This scoop from RPlife was very emotional for me. It’s no surprise we love Robert Pattinson around here but blogging about this film for over a year now, we are intensely attached to all aspects of filming. These production notes give us insight into Water for Elephants from Sara Gruen, Reese Witherspoon, Robert Pattinson, and Christoph Waltz but possibly more amazing are the lights shed on production from Francis Lawrence (director), Richard LaGravenese (screenwriter), Jack Fisk (production designer), and Jacqueline West (costume designer).
I won’t bore you with my thoughts because my words are unnecessary. The cast and crew say it all. *tear*
***The notes contain spoilers but here are some ‘spectacular’ quotes in case you don’t read the whole release***
Sara Gruen, author of Water for Elephants
Water for Elephants is about love in all its forms – between men and women, amongst families, and between people and animals. It’s about the different ways we treat each other; sometimes we do it well, and sometimes not.
Reese Witherspoon on Water for Elephants
It’s a wonderful story of love, hope, redemption, second chances and finding happiness. I got so pulled into the world Sara created.
Robert Pattinson on Water for Elephants
Someone sent me the book, and I immediately connected to it.
Francis Lawrence on Water for Elephants
I read the book in one sitting. It was such a great visceral experience, and the story existed in a very rich and detailed world. I loved the characters and the emotion.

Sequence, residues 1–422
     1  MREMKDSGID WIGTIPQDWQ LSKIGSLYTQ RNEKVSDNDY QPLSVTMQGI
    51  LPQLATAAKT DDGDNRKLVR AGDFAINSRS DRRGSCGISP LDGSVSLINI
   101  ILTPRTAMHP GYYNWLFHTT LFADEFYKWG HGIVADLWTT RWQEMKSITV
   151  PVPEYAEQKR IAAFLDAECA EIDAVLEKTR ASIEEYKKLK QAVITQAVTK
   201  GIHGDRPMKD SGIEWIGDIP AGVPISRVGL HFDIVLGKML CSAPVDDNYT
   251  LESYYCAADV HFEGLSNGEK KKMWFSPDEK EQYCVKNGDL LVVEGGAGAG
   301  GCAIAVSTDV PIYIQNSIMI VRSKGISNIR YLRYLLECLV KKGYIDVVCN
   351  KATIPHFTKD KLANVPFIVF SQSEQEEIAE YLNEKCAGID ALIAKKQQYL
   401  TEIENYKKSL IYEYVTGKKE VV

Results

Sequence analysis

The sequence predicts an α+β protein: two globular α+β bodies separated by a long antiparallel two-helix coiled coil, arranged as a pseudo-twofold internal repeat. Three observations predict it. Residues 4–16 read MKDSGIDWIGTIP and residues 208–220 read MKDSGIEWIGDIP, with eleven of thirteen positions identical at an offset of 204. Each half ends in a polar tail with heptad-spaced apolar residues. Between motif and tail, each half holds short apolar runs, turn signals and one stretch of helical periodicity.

Francis Lawrence on Marlena and Jacob
The relationship between Marlena and Jacob that we built in the movie is really one of my favorite things. It’s a really nice slow burn. I think Jacob falls instantly for Marlena’s beauty, magic, strength and confidence. But Marlena is guarded; she doesn’t trust many people. Jacob starts to break through that wall and he becomes someone quite unexpected for Marlena in her world. I think she falls for his morality.
Francis Lawrence on his draw to circus
I have always been very intrigued by the circus, especially those of the 1920s and ’30s. There was something special about it then – the steam trains, the beautiful canvas tents, the elegant performers and the exotic animals.
Francis Lawrence on adapting WFE
This was my first time working with a screenwirter to adapt a book, and our approach was to try and stay true to its themes, tone and broad strokes. There were some key moments in the book that are important to get into the movie, but part of the fun is interpreting the original material and coming up with new ideas, as well.
Richard LaGravenese, WFE screenwriter
When a book is well-loved, it’s important to keep what readers expect, but at the same time you have to understand that, when reading a story, you’re seeing and hearing characters in your head, and everyone has their own versions in their own minds. When you see the story played on screen with real people it becomes literal – one version – and there are certain ideas that work in the book that wouldn’t work on screen.
Richard LaGravenese on a much discussed topic
Combining August and Uncle Al made the August character more dangerous, which is always a good thing.
Sara Gruen on the screenplay
I thought the changes were brilliant. Writing a screenplay is a completely different set of skills than writing a novel. Francis and Richard took something that takes approximately 14 hours to read, and transformed it into something that can be watched in a couple of hours. They certainly did not diminish the story.
Francis Lawrence on Reese, the first actor to join the WFE team
Reese was a true creative partner in the early days of putting the project together. She brought so much to the film and to the character of Marlena. Reese is a fantastic actress, beautiful and timeless, loves animals – and is fearless; she’ll try anything. Marlena is a bit tough and hardened; she isn’t a victim of August or anyone else. Reese, too, can be very strong.